Get Out the Vote
As of this writing (yesterday morning), 76 million people had voted already in Tuesday’s Presidential election, with six days remaining to cast a ballot. That represents approximately 36% of those eligible to vote and far exceeds the total of “early” voters in 2016, when 58 million people cast their ballots early.
It’s anticipated that early voting, excluding mail-in ballots, could top 100 million people before Election Day. And that compares to the total votes cast in the 2016 Presidential election of 136.5 million. If early voting is any indication of how many ballots will ultimately be cast, 2020 is set to break every existing record for ballots cast in a Presidential election, as well as the percentage of people eligible to vote who actually do vote.
I, for one, have traditionally voted by absentee ballot, which I did two weeks ago since I never know where I’m going to actually be come Election Day.
Perhaps all of the divisiveness and social unrest we’ve seen in our country has translated into people wanting to exercise their right to a voice in our country’s leadership on a go-forward basis.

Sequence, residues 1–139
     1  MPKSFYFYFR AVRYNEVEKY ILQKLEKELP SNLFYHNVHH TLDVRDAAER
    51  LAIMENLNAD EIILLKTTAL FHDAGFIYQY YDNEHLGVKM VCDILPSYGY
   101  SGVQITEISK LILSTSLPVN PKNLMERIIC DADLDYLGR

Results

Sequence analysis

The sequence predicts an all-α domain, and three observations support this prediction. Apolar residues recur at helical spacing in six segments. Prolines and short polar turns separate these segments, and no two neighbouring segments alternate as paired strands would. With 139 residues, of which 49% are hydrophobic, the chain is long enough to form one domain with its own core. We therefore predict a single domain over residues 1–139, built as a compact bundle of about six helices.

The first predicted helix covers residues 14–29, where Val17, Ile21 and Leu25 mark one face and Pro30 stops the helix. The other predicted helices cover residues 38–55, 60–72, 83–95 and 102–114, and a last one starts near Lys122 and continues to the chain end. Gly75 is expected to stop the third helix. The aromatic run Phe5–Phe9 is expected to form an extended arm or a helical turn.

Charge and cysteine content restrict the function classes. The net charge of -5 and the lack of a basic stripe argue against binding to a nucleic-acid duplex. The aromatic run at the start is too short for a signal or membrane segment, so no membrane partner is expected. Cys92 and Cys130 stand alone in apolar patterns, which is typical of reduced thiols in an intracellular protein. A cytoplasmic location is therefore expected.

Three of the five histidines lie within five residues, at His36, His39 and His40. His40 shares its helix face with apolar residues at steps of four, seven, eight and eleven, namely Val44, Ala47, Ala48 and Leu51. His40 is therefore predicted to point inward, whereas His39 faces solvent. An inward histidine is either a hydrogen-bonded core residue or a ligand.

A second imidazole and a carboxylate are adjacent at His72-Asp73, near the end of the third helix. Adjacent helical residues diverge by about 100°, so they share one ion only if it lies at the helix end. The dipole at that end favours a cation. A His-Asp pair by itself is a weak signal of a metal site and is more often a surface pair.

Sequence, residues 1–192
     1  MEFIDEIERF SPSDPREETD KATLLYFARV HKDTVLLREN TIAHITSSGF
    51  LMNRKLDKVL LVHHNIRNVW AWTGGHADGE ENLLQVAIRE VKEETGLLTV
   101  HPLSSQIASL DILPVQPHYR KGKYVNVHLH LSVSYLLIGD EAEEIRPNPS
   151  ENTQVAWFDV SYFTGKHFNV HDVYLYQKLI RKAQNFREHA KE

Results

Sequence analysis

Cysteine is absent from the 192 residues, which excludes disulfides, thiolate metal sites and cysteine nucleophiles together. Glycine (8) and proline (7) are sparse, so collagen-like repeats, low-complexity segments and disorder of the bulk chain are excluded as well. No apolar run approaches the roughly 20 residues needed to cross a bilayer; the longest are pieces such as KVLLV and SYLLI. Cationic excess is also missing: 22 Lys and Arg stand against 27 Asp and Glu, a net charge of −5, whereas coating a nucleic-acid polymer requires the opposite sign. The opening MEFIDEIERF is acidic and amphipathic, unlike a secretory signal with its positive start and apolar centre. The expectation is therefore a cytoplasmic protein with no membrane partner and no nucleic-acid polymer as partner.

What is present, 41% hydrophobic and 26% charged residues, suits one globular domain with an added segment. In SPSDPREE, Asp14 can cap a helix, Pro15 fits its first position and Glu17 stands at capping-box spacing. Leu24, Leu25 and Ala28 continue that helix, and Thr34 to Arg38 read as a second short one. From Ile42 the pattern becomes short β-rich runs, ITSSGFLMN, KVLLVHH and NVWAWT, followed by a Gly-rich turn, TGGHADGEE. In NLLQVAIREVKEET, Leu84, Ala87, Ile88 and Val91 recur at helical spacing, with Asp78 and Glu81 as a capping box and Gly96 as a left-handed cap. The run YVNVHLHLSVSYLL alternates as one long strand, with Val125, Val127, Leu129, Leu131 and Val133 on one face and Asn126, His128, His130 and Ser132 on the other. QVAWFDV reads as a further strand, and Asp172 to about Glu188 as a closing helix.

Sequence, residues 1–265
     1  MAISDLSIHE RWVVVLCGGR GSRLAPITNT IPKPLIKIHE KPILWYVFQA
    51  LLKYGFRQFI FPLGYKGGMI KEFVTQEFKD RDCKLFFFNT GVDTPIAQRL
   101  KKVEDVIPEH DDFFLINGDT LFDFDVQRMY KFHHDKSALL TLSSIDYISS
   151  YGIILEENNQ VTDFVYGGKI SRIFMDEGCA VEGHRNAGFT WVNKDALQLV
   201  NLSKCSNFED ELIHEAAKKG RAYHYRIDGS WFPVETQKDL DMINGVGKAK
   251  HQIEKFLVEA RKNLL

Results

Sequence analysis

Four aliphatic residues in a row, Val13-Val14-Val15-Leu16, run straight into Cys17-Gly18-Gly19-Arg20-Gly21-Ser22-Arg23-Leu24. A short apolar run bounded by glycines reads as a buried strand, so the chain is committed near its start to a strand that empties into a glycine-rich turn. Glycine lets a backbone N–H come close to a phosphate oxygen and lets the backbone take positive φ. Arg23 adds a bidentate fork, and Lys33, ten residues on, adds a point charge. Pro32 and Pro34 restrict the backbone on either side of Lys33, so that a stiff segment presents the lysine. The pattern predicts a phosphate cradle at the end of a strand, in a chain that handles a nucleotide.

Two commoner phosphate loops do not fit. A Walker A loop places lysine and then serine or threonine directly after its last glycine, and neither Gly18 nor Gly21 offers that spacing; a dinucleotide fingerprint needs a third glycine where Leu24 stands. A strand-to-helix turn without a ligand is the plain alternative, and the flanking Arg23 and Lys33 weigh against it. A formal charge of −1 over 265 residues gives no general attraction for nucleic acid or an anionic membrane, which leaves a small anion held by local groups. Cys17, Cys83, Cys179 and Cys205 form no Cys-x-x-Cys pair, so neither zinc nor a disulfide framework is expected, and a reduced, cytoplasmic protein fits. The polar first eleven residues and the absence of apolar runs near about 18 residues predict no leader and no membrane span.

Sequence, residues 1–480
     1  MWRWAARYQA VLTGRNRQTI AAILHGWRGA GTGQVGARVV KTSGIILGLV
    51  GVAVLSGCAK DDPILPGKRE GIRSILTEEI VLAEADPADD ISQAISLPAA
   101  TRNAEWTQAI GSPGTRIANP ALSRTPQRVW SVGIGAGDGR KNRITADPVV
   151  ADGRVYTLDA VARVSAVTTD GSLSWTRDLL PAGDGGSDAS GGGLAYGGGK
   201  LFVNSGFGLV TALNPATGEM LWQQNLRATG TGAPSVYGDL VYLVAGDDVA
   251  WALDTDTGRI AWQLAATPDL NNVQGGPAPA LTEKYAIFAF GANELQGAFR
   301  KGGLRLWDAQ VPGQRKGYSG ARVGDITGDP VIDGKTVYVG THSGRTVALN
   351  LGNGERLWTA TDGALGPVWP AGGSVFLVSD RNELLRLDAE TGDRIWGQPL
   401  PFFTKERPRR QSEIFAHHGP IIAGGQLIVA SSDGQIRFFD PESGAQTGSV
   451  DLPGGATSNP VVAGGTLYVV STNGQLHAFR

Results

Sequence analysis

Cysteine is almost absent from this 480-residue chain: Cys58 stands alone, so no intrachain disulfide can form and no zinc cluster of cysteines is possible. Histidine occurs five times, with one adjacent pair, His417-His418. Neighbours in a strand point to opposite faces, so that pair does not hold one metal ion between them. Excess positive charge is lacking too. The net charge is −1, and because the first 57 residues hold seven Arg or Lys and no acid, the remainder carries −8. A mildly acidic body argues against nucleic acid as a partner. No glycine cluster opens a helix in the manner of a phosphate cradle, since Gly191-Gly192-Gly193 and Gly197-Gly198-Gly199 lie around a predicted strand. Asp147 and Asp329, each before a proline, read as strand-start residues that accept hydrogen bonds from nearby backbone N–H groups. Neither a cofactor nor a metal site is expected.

Voting rights and the eligibility to vote in the United States are established by the United States Constitution and by state law. Several constitutional amendments (the 15th, 19th and 26th) say that the voting rights of U.S. citizens cannot be abridged on account of race, color, sex or age (although you must be at least 18).
We have one of the most evolved democracies on the planet. We vote for President every four years on the first Tuesday after the first Monday in November. A President can only serve two four-year terms. When a President is not re-elected after one term or is termed out and does not run, we have an orderly transition of power from the outgoing to the incoming President.
This could be one of the most contentious elections in modern times. Let’s hope the record turnout brings a clear result that tells us whom the American people want to lead us for the next four years, whichever way it goes. We need a mandate, we need a clear winner, we need clear direction, and we need to embrace the results and support our leader, whomever it may be. Our country needs to heal.
If you haven’t done so already, exercise your right and vote.
Stay safe, stay healthy, and remember we are all in this together.